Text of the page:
Let’s face it: the only way you haven’t heard of Bitcoin (BTC) so far is if you’ve lived under a rock for the past few years. From tech-obsessed gimmick to global powerhouse and #1 investment in 2017, Bitcoin has indeed gone a long way. Although lots of people have now heard of it, or even invested in it, some mystery still revolves around the digital currency. Will it have the same incredible results in 2018, or is it just a bubble waiting to burst? Is this a good time to invest in Bitcoin? And at the end of the day, what IS Bitcoin?
What is Bitcoin?
Bitcoin a cryptocurrency – a digital coin and payment system. It is one of the over 1300 in use today, but it is the first one that appeared. It was created as a decentralized payment solution since the entire network works without an administrator or single point of contact.
The technology based on which the peer-to-peer decentralized network works is called a blockchain, and many other coins (or altcoins, as the industry calls any other coin except Bitcoin and Ethereum) use this technology. And although the Bitcoin is the leader in the cryptocurrency industry, both in terms of price and overall market cap, the future might not look so good. If 2017 was the year in which cryptocurrencies hit the mainstream, 2018 would be all about practical solutions.
What problems does it solve/What benefits does it bring?
At its origins, Bitcoin was designed as a decentralized, private network which users could use cheaply, quickly and anonymously. At first glance, the solution seemed near-perfect. No more banking fees, long wait times or being forced into sending money during work days. You now had a comfortable, convenient and secure way to send money to anyone around the globe, if you knew their Bitcoin address. The initial people who believed in Bitcoin used it to send vast amounts between them all over the world, back when the currency valued almost nothing and mining it was a breeze.
Nowadays, in a more mature market, Bitcoin looks like a jack-of-all-trades, master-of-none kind of asset. There are coins specifically designed to be anonymous. Other are designed to have incredibly cheap and quick transactions and cater towards the banking industry. Some are created around a specific sector, like TRX (Entertainment) or CarVertical (Transport). Although sending Bitcoins from one person to another is still possible, it’s neither quick nor cheap these days. With the value of a single Bitcoin exceeding $14,000 at the time this article was written, it has become somewhat clunky to operate. But it’s still #1 in the business. The correct question is : can it stay there?
Pros of Bitcoin compared to other cryptocurrencies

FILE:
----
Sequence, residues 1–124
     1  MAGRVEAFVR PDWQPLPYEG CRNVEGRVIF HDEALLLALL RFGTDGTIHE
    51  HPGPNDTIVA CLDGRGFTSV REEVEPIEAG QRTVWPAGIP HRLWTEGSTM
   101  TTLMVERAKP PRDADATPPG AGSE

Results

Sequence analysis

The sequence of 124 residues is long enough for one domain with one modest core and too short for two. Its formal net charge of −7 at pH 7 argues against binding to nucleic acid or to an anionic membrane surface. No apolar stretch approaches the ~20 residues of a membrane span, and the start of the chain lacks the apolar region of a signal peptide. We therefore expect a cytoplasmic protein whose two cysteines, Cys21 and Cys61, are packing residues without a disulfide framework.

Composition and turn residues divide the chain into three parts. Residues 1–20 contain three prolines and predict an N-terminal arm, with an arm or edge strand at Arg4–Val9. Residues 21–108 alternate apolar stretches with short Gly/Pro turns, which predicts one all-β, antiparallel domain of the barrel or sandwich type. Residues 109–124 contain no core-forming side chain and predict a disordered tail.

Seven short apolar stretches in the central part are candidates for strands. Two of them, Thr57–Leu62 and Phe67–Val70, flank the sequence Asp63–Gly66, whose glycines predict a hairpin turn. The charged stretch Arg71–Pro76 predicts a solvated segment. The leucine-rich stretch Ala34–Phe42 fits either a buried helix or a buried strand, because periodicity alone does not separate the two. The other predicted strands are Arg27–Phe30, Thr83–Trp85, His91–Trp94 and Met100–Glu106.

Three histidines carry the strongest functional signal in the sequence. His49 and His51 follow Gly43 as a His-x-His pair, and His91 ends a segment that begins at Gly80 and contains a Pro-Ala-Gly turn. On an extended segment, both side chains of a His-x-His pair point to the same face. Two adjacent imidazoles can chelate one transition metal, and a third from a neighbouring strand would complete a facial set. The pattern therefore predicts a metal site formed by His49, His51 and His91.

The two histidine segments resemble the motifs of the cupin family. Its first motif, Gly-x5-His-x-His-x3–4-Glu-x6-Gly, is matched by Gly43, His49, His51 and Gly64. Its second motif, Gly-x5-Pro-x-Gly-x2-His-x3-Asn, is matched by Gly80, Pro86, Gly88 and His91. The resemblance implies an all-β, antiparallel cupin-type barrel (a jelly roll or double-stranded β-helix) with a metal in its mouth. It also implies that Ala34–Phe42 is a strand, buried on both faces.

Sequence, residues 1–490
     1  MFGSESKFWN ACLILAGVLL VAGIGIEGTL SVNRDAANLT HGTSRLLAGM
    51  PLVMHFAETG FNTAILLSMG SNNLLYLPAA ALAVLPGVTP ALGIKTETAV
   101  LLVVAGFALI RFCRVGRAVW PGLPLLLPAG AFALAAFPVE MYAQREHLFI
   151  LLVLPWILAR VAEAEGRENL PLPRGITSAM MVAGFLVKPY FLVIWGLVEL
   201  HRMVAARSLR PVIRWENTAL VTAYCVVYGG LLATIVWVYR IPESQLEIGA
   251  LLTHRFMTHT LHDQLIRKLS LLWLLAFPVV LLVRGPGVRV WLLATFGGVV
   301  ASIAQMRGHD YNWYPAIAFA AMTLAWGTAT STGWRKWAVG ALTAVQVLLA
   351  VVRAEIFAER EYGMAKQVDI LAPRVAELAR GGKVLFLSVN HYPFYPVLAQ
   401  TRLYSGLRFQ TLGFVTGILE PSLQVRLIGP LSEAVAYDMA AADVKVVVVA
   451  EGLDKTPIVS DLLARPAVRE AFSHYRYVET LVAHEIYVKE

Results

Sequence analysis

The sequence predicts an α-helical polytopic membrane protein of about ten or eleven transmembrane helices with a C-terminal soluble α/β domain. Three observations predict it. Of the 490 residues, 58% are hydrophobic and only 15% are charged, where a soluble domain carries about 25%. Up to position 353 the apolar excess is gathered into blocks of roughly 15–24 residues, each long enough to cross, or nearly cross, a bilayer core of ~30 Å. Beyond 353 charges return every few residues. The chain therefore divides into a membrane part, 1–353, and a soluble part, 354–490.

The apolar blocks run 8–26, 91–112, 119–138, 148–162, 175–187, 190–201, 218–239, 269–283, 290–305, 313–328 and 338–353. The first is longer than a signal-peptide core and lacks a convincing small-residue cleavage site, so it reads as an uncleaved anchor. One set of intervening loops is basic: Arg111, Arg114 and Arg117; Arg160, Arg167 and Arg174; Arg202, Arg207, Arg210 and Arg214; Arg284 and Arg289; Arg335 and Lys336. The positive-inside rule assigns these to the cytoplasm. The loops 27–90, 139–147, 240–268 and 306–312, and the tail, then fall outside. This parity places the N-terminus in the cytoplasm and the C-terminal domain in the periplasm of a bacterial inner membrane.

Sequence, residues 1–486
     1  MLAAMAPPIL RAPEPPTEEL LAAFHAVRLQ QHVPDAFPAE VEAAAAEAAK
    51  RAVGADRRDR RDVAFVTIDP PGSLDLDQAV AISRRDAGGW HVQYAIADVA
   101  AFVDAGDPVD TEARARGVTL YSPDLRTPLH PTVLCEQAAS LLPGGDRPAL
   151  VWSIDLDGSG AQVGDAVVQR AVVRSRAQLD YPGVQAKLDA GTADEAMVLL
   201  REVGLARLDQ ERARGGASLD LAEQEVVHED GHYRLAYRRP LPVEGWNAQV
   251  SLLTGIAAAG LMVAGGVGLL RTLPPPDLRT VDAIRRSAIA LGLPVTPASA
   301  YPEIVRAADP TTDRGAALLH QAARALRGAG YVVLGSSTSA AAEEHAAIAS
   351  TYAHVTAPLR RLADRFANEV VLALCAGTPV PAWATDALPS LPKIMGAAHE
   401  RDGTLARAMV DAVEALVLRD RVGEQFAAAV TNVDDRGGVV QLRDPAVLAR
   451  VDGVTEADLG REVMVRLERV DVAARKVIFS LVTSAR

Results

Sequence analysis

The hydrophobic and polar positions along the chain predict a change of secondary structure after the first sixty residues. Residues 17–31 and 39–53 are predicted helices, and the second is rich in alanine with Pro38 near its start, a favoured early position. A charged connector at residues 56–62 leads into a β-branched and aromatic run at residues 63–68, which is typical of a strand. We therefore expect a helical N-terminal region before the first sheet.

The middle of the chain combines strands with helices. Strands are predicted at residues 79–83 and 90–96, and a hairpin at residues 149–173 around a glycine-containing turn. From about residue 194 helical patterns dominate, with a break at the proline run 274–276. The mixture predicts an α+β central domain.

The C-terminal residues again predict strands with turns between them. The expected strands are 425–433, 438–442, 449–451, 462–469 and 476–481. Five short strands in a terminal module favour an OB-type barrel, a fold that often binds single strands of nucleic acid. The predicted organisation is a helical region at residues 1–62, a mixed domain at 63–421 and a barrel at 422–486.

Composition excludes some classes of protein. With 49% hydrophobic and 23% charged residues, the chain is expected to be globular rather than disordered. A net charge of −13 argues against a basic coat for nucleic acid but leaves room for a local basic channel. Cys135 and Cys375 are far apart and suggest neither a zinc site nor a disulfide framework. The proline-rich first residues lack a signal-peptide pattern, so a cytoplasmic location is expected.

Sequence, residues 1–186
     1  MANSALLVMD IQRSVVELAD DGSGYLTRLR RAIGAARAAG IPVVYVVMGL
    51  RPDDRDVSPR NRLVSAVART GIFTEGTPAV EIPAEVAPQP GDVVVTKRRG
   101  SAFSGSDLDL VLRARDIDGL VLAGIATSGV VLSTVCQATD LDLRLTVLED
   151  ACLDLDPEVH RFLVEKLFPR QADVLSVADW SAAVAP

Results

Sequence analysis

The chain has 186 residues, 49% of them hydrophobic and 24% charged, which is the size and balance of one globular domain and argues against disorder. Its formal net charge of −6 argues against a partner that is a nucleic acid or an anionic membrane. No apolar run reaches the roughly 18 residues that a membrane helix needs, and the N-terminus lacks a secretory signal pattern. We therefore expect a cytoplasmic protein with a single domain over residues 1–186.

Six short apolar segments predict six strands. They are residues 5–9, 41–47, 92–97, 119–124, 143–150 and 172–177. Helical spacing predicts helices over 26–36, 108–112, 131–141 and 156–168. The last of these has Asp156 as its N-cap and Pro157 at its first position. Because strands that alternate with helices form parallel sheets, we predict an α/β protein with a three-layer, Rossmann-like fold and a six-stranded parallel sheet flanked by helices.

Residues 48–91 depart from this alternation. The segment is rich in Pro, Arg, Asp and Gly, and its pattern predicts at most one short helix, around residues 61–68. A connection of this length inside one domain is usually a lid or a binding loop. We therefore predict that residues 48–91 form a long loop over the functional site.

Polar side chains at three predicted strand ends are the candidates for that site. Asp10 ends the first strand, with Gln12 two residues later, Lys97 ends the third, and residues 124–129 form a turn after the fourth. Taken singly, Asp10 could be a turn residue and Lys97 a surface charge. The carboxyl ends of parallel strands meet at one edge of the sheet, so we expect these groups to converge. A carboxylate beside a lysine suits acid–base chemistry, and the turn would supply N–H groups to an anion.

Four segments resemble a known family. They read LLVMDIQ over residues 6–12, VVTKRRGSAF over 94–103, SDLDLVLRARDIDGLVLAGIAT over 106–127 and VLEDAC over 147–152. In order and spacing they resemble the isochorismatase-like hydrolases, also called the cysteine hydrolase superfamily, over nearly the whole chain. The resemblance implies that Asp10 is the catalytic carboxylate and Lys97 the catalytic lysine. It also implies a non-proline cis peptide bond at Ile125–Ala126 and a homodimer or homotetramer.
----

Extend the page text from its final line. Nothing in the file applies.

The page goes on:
Although its technology might seem outdated already, the Bitcoin still have some competitive advantages over its competitors:
– Almost all the other coins express their value as a fraction of a Bitcoin. When you’re the leading settler of value in the industry, you will inherently always have value.
– Most transactions still go through Bitcoin. There are few cryptocurrencies which can be bought directly using a credit card. Most of them are purchased on online exchanges using either Bitcoin or Ethereum – which means that the need for Bitcoins will always be here.
– Its market cap is still almost twice as big as the next direct rival, Ethereum. Simply put, it might be too big to fail.
– It is the vector of the entire market. At least, it has been in 2017. If the whole cryptocurrency market has gone up, Bitcoin went along with it, and vice-versa.
Cons of Bitcoin compared to other cryptocurrencies
In spite of the pros mentioned above, some argue that these are mostly historical and market-cap related reasons. There are quite a few critics that believe that the entire cryptocurrency industry is in a gigantic bubble which is just waiting to pop – and Bitcoin will be the first one to do so, for the following reasons:
– Its practical usefulness is very limited. Currently, apart from bringing excellent returns to investors, it has close to no utility. It doesn’t solve any of the world’s problems.
– Mining Bitcoins has become a very costly affair. The electricity required to mine Bitcoins (especially in China) is enormous and is projected to surpass the energy consumption of the United States by 2020, at the current rate of growth.
– It’s no longer 100% decentralized. Yes, there is no “Central Bank,” but there are groups of mining companies which currently solve close to 20% of the transactions on the blockchain. When a company has this big of a market share, its voice gets heard by the creators. It can’t decide by itself, but the network can hardly be called “decentralized”.
– From an investment perspective, it’s an immature asset. With its value sitting at over $ 14,000, one cannot realistically expect 10x returns in the future. It has just started institutional trading, and there still is a lot of room to learn exactly how it will fare. Until then, it might bring profits, but these profits bring significant legal issues with them.
Final Thoughts On Bitcoin
At the start of 2018, investing in Bitcoin can be seen in two ways. If you’re a skeptic, it is a train which is probably too late to be boarded, and will only bring disappointment – case in which you should look towards other currencies, like Ethereum, Ripple, Dash or Neo, all coins which will have their own profiles written shortly.
However, if you’re an enthusiast, investing in Bitcoin is like buying blue-chip stocks: sure, it probably won’t give you the same return it had last year, but it’s the biggest thing in the crypto business. And being so large means that’s it’s probably fail-proof. Regardless of what side you’re on, you should follow its price quite carefully if you want to invest in cryptocurrencies in 2018. It’s still big enough to take the entire market with it, regardless of the path it chooses.